Feb
21

Fun with Career Earnings

By

Baseball is booming. There is so much money in the game today, it’s not even funny. You can thank the bigger and more modern stadiums, the abundance of lucrative endorsements, and the historically great attendance numbers. Take a quick glance at B-Ref’s Highest Career Total & Single Season Salaries list, and you can’t help but feel some combination of jealousy, humor, disgust and confusion. $106,616,066 in career earnings for Shawn Green? How the hell did that happen? Ditto $78,860,000 for Matt Williams, $70,677,500 for Tim Salmon, and $65,743,750 for Kevin Appier.

It’s no secret that baseball is a well paying occupation, but just how well paying? You might be shocked.

Omar Daal has spent 10 years in the league with seven different teams. He has a 68-78 career record and a 4.55 career ERA, yet somehow raked in $25,084,000 during his career. Even more perplexing, his largest single season salary was the $5,625,000 he earned in 2000 with the D-Backs, the year he lead the NL with 19 losses.

Atlanta’s trio of Hall of Famers accounted for an ungodly 795 wins (and 154 saves). Even more ungodly is the $380,579,793 that Mad Dog, Smoltzie and … uh … Tom banked for just one World Series victory.

Lenny Harris, the all-time pinch hit king with 212, took home $11,268,222 in his career. That’s $53,151.99 per pinch hit.

Remember Jim Abbott? The guy with one hand that no-hit the Indians in Yankee Stadium back in ’93? That dude made $12,960,500 during his career. Did you know that he didn’t spend his first day in the minors until 1996, when he was 28 years old and already a 7-year big league vet? Crazy.

It pays to be a lefthanded pitcher. Randy Johnson has taken home $152,449,473 in his career, Al Leiter $68,100,100, and (are you ready for this) Mike Stanton $30,903,001. He’s made ONE career start!

Remember one-time great Yankee prospect D’Angelo Jimenez, the guy who just kinda faded into the background after the Yanks traded him to the Padres, yet somehow always seems to be playing in those obscure Tuesday afternoon ESPN televised games? He’s made $6,220,000 in his career. Unreal.

Albert Belle, one of the biggest douchebags to ever play the game, made $97,376,194 during his career. This is the same guy that despite missing the entire 2001 season due to injury, sued the Orioles for his $76.50 in per diem money, and WON.

Speaking of douchebags, Curt Schilling has taken home $106,158,000 in his career, or about $0.07 for each time he opened his mouth.

Generation K fell short of their considerable promise, but they still combined to make $61,605,500 during their careers. Of course, Jason Isringhausen accounts for $47,560,000 of that total. Did you know that Bill Pulsipher made $8 an hour in 2002 working as a groundskeeper for the High-A St. Lucie Mets?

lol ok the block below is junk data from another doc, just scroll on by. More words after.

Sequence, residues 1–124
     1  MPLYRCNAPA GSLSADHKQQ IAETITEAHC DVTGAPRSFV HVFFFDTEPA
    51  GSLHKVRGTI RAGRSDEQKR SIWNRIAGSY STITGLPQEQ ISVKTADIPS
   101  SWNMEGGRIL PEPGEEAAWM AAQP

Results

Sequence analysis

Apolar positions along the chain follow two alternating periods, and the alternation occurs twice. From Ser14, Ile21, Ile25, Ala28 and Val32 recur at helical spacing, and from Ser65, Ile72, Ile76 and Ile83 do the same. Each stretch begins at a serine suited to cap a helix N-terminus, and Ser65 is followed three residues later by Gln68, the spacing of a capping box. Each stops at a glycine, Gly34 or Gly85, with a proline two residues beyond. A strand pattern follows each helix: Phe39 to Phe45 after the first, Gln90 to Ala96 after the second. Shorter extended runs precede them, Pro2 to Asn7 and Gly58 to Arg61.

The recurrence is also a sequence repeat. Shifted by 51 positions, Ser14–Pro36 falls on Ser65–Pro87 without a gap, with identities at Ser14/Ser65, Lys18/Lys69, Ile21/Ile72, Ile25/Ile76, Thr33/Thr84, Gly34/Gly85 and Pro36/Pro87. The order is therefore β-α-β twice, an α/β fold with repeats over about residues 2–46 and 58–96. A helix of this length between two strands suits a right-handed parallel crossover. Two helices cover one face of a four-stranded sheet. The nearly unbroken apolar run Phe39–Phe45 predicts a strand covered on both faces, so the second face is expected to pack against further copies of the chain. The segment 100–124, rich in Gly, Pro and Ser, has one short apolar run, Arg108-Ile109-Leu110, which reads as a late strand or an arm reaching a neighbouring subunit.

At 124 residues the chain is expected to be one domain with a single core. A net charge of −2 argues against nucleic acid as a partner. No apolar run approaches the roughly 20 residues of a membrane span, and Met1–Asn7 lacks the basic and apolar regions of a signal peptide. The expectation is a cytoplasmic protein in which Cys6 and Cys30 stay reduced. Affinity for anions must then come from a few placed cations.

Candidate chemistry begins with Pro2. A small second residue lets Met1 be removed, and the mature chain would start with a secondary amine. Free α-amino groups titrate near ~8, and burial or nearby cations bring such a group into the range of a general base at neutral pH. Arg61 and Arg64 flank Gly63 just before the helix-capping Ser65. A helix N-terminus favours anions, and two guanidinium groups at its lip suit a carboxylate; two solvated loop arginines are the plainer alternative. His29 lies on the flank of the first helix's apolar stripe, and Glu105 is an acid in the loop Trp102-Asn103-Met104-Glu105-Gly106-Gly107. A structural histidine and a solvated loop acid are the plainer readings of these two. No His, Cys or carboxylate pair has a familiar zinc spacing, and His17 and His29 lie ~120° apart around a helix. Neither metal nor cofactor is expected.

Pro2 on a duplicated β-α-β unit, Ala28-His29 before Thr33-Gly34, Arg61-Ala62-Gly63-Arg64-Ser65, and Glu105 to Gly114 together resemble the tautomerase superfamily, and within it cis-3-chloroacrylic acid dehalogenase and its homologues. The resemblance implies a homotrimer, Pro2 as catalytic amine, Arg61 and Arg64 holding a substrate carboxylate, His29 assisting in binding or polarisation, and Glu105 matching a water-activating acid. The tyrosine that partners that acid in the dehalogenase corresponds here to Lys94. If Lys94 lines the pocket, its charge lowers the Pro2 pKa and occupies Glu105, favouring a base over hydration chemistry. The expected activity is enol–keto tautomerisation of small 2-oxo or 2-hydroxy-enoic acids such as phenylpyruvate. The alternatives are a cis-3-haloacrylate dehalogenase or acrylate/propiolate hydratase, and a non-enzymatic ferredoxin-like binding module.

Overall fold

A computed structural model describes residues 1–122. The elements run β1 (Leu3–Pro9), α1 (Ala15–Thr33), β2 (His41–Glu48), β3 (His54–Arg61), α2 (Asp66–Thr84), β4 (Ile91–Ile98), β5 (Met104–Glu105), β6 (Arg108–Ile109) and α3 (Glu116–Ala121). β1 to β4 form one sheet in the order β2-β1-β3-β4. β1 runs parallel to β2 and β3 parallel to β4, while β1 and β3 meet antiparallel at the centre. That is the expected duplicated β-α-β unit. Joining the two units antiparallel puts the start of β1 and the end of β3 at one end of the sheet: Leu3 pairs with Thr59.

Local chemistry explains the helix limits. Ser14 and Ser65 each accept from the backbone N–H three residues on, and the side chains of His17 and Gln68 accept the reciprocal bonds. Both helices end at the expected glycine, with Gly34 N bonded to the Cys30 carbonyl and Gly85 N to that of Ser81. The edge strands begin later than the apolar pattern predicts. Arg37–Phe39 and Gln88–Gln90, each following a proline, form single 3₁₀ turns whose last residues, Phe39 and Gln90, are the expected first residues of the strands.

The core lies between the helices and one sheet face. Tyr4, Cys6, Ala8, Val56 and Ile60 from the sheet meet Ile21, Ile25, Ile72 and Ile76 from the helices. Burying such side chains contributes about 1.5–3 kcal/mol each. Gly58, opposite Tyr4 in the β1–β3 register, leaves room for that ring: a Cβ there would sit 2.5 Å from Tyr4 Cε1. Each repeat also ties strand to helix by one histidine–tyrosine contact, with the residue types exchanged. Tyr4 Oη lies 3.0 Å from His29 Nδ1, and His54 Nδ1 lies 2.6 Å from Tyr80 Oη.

The old “next generation of shortstops” – Jeter, A-Rod and Nomar – did reach their potential (for the most part, Nomar’s weighin ‘em down now) and have banked a combined (make sure you’re sitting down) $377,996,949 in their careers. We’re talking about three guys on the right side of 35. How much will the current next generation of shortstops – Reyes, Tulowitzki and Hanley – combine to make in their careers? I’m guessing a ton, because they’ve already taken in $7,326,000 if you count Tulo’s $2,300,000 signing bonus.

Don’t feel bad for journeymen. Jeff Fassero pitched for nine teams during his career, making $28,631,501 in the process. Mike Morgan wore 12 different unis in his career, and banked $20,575,000. Reggie Sanders once changed teams in six consecutive offseasons, and has $41,909,000 in the bank to show for it. Jose Vizcaino suited up for nine different franchises in his career, and pocketed an unbelievable $26,107,158. Craig Counsell, Craig freaking Counsell, has earned $13,680,001 for holding the bat real high over his head and having a career OPS+ of 78. Then again, he did score the World Series winning run not once, but twice in his career, so I guess he’s worth it.

Enrique Wilson has made $3,376,500 in his career, Miguel Cairo $5,725,000, Rey Sanchez $13,467,500, and, Luis Sojo, every Yankees fan’s favorite bad utility player, managed to make $4,840,00 in his playing days. Come back after you finish banging your head against the wall.

David Eckstein gritified and scrapificated his way to $13,304,999 in career earnings. Scott Podsednik ran really really fast to a $6,375,000 career payday. Scotty Brosius made $22,563,000 for being on the right team at the right time. Imagine if any of ‘em were any good!

The Dodgers paid Darren Dreifort $63,882,000 for 872.2 innings of 95 ERA+ ball. The Angels have paid John Lackey $10,303,333 for 1161.1 innings of 116 ERA+ ball. Yeah, the boys in blue got the shaft on that one.

The $65,133,000 Billy Wagner has made in his career is the greatest total for a guy with zero career starts. Trevor Hoffman is second on that list with $59,309,000 in career earnings. Just think if either had any postseason success!